Re: If we do get Afghanistan, what shall we do with it?

From: Mike Lorrey (
Date: Mon Nov 19 2001 - 20:36:15 MST

"Alex F. Bokov" wrote:
> I know there is a previous thread on this, but I can't find it, so if
> nobody minds, I'd like to revisit the question.
> What degree of cultural engineering is necessary or desirable in
> Afghanistan?
> Should we be satisfied merely with a government that no longer gives
> safe harbor to Al Quaida? Or should we strive for more, like respect
> for free speech, privacy, elected and accountable government, equal
> protection under the law (in particular, equal rights for women)?

As the 20th century shows, any society so virulently violent will strike
again if it is not significantly altered in its memetic makeup. It
worked with Germany and Japan, and to a lesser degree, Italy and the
rest of europe. It took Russia 70 years of stubborn bullheadedness
before our 'I told you so' started to sink in.

> If we opt for the latter, are we being cultural imperialists, since
> this is blatantly not consistant with their way of life, particularly
> the last item? In such cases, is it necessarily wrong to be a cultural
> imperialist?
> NOTE: Spike & Mike & Co., please hold your fire. I already know what
> your take on this is, and it's not without merit, but this question is
> mainly addressed to the Doves. I still want to know what's more
> important, human rights or the Prime Directive, and maybe this time
> I'll get an answer.

Heh. I'll refer instead to the Ecolitan Directive (see L.E. Modesitt's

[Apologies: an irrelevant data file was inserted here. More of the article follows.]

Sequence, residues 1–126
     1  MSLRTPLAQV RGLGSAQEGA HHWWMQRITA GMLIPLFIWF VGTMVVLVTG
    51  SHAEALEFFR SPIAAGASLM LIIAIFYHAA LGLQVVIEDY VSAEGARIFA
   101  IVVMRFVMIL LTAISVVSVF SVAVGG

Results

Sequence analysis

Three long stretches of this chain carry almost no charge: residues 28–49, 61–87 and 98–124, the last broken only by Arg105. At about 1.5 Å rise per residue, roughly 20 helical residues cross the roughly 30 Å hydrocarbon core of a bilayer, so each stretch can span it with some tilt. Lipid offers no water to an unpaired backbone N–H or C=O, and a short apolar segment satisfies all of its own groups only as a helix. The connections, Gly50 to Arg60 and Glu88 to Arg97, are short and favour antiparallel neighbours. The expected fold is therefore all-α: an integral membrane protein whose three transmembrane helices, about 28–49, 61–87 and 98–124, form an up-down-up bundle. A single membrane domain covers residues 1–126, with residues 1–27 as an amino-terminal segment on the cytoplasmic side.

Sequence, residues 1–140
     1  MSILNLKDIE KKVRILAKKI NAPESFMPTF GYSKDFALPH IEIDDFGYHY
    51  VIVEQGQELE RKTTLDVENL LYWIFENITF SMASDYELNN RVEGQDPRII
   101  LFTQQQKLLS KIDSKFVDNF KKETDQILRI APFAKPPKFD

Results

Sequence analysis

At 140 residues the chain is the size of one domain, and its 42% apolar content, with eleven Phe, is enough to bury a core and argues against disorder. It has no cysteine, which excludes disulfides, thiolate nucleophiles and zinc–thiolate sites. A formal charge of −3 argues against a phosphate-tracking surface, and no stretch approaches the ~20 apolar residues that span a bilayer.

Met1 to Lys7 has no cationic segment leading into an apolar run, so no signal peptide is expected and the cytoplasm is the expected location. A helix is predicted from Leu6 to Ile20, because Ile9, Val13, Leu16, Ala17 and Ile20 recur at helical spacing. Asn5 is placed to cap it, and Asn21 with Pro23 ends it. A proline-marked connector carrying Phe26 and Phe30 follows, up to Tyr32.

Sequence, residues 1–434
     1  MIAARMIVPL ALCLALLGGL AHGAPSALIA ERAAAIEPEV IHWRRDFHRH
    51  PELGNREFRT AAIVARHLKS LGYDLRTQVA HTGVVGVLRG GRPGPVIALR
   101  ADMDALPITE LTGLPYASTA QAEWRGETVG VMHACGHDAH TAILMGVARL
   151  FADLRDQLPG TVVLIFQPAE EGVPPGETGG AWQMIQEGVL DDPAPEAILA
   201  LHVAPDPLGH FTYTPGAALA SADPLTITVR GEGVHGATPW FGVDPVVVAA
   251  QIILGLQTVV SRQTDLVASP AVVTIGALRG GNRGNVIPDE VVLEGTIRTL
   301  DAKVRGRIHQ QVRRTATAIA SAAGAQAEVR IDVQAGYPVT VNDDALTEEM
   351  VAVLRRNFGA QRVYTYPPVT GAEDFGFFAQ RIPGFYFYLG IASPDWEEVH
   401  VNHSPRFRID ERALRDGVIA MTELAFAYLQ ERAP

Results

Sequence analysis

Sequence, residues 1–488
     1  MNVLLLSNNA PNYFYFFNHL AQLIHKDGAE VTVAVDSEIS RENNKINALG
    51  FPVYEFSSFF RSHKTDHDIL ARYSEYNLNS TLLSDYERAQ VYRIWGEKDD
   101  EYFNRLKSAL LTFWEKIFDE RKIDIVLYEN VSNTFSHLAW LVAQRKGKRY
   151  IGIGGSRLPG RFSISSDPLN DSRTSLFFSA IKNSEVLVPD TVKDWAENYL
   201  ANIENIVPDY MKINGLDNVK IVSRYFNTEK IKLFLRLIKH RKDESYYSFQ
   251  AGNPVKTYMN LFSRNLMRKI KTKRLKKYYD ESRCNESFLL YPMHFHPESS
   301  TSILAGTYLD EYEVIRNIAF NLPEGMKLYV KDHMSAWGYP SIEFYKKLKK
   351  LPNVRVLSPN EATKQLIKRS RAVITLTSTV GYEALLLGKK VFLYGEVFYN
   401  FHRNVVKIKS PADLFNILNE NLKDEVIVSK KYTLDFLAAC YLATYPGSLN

"The Ecolitan Enigma") to turn the words of a leftie against the left.

"Your right to swing your fist ends at my nose". This can apply
collectively to collectivist societies. A country that initiates force
absent of any pan-cultural standards is asking to be rehabilitated.

The difficulty, of course, is that Afghanistan, for all of its brutality
toward women, is a very chaotic place. Not very totalitarian in fact,
merely in fantasy, so holding everyone responsible as individuals is not
necessarily a good idea. S. Andrew Swann's planet Bakunin reminds me a
bit of it, if sprinkled with goats milk, Allah, and opium.

Rather, what needs rehabilitating is not the people, but the memes which
infect them. They can be looked at as innocents in all of this, as much
as any victim of the plague or smallpox. Treating Afghan society as an
epidemic, rather, that needs tight quarrantine controls along with
generous doses of anti-memetic counter-programming in the form of
information, technology, and development assistance, along with a
generous dose of education of Enlightenment philosophy and the
prohibition of Wahhabis from the country.

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